Zeno, developed by Hanson Robotics, is being used in collaborative research by the University of Texas Arlington and the Dallas Autism Treatment Center to explore new ways of treating children with autism. (Source: University of Texas Arlington)
I have to admit, watching Zeno is a little bit like watching trailers from those infamous Chuckie movies--there's something still a little creepy about watching the adult interact with a non-human, toylike robot. On the other hand, I could see future iterations of this being a real help for helping autistic kids over the hump of social interactions. So despite some small hesitations, I do think robot technology is a great resource for helping treat this problem.
I agree, Beth, this does have a degree of creepy to it. Yet, as a father of a teenage daughter with autism, I'll take any port in a storm. I've already seen how my daughter interacts well with computers, even as she is unable to create and sustain a simple friendship. My daughter would think Zeno is pretty cool. And I love the name of his skin: flubber.
Rob, you have far more experience and knowledge of how a child would react so I'm shelving any reservations based on your sound judgement. I've heard you speak in this forum many times about your daughter's love for computers and particularly the games and cell phone. Glad like something like Zeno has possibilities for making life easier for her and your entire family.
Honestly, Beth, I also have reservations about many, many devices, but in the area of autism, you try everything. When my daughter was young, we tried a series of drugs, which had no value at all. In many ways, a device, whether a laptop or some of the childhood learning gadgets, is much less of a risk.
This looks like a brilliant app for robotics. I don't know any people with autism, but I do known some on different points of the Asperger's scale. They're all highly talented, many in technical areas. One who used to be my movie buddy could have benefited from this robot. He would often ask me to define what emotions an actor was conveying, as he found it hard to read the subtleties in people's facial expressions. Interestingly, his favorite childhood fantasy was being a robot, and as an adult he could still do a very good imitation.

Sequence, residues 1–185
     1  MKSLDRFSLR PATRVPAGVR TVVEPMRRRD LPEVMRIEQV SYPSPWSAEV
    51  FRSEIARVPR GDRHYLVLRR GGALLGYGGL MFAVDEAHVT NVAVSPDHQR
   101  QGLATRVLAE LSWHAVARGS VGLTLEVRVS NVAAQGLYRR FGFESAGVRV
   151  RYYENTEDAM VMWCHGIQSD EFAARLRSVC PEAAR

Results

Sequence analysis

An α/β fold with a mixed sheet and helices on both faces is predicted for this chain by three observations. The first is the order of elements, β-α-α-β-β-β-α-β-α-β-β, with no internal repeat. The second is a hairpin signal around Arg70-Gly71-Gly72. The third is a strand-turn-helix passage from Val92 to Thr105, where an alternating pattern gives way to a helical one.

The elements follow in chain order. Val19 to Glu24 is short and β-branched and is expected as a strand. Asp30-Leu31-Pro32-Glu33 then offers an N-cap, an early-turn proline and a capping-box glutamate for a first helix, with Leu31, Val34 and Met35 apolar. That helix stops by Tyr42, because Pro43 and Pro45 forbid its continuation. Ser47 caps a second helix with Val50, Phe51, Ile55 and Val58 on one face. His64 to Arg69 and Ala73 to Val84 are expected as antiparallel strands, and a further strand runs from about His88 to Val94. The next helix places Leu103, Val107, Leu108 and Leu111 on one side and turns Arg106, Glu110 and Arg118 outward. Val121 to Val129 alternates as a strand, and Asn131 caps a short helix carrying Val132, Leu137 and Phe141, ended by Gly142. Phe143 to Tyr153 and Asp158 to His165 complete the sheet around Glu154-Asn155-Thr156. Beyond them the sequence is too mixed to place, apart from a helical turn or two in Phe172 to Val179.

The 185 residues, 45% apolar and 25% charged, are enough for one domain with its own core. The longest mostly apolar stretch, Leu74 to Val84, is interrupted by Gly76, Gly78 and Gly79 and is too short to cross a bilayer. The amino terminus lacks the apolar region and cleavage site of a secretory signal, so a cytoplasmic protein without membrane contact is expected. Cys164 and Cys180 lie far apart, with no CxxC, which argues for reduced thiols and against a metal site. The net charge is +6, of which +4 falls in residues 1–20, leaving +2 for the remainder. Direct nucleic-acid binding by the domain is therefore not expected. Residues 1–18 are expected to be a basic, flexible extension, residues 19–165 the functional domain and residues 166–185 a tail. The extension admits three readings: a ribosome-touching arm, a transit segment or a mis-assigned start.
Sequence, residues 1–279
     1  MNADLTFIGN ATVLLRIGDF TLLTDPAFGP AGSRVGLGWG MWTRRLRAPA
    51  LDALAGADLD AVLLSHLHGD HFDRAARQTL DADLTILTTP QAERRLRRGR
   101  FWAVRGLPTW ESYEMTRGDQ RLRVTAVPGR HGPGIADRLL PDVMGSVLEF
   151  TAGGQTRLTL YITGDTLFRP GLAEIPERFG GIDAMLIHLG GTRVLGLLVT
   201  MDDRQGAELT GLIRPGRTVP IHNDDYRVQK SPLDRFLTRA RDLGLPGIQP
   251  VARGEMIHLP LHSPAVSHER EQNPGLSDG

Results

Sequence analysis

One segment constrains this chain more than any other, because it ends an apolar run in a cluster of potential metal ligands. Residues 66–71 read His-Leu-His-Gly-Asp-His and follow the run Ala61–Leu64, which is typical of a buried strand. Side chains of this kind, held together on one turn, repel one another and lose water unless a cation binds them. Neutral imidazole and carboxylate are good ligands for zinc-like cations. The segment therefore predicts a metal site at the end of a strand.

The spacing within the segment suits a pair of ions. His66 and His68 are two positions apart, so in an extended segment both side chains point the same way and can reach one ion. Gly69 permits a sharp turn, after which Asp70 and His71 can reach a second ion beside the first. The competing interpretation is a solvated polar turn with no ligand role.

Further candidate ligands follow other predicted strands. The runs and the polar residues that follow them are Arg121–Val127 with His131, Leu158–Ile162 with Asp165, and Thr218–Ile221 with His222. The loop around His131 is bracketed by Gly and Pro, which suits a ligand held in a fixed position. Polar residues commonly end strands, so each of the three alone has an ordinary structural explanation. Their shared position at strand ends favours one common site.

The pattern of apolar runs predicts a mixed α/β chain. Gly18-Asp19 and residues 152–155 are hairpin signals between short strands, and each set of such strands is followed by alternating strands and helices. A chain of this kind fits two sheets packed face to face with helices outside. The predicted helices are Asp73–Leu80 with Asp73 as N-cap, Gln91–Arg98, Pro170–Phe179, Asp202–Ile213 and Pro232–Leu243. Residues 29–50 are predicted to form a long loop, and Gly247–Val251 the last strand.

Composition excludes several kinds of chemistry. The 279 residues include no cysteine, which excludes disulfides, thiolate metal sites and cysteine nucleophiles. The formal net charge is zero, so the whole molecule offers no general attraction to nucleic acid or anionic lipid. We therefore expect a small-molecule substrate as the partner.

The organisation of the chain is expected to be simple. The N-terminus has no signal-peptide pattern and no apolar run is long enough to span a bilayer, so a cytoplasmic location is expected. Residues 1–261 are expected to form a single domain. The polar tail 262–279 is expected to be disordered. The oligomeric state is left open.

The field of robotics is truly being stretched, no pun intended, by using aiding children with autism. I know MIT has done a bunch of research on building robots that respond to human emotions. At MIT Professor Rosalind Picard is the pioneer in Autism Theory and Technology. She teaches a course on the subject where students explore "the converging challenges and goals of autism research and new technologies - including networked, wearable, and robotic - that have increasingly human-like social, emotional, and communication skills." For additional information, the course website is included below.
I recall that 60 Minutes did a piece on the iPad and its effect on autistic children. I don't know why technology seems to work so well for autistic kids, but if it works, I would assume that it would be far more desirable than most medications.
Elizabeth, there are lots of kids and grown up peoples living in and around our country with autism. Recently I had associating and start working with a NGO unit, which take cares about the children having autism. Through that organization we are trying to develop some special software with enriched graphics and GUI for e-learning purpose, which can help them for a better understanding and learning. Personally I know the difficulties and challenges in treating the autism and i hope the new innovation can bring a major change in treatment.
Charles, autism is effecting in brain. So their understanding and communication skills become weaker. So special education software and tools are required for them to get understand about things. From last several months am associating with an organization, which is doing charity work for kids with autism and other disabilities. We are planning for develop some special software and tools for e-learning of kids having autism.
My son is a teenager who is diagnosed as high functioning on the Asperger's scale. He has learned as he has grown older to respond appropriately to the emotions of others, and to control his own. I wish Zeno would have been available about 10 years ago, as this type of stimulus/therapy would have enabled him to "catch up" so much quicker, given his interest interest in computers and technology. A big pat on the back to everyone engaged in this sort of research--you are making a difference.
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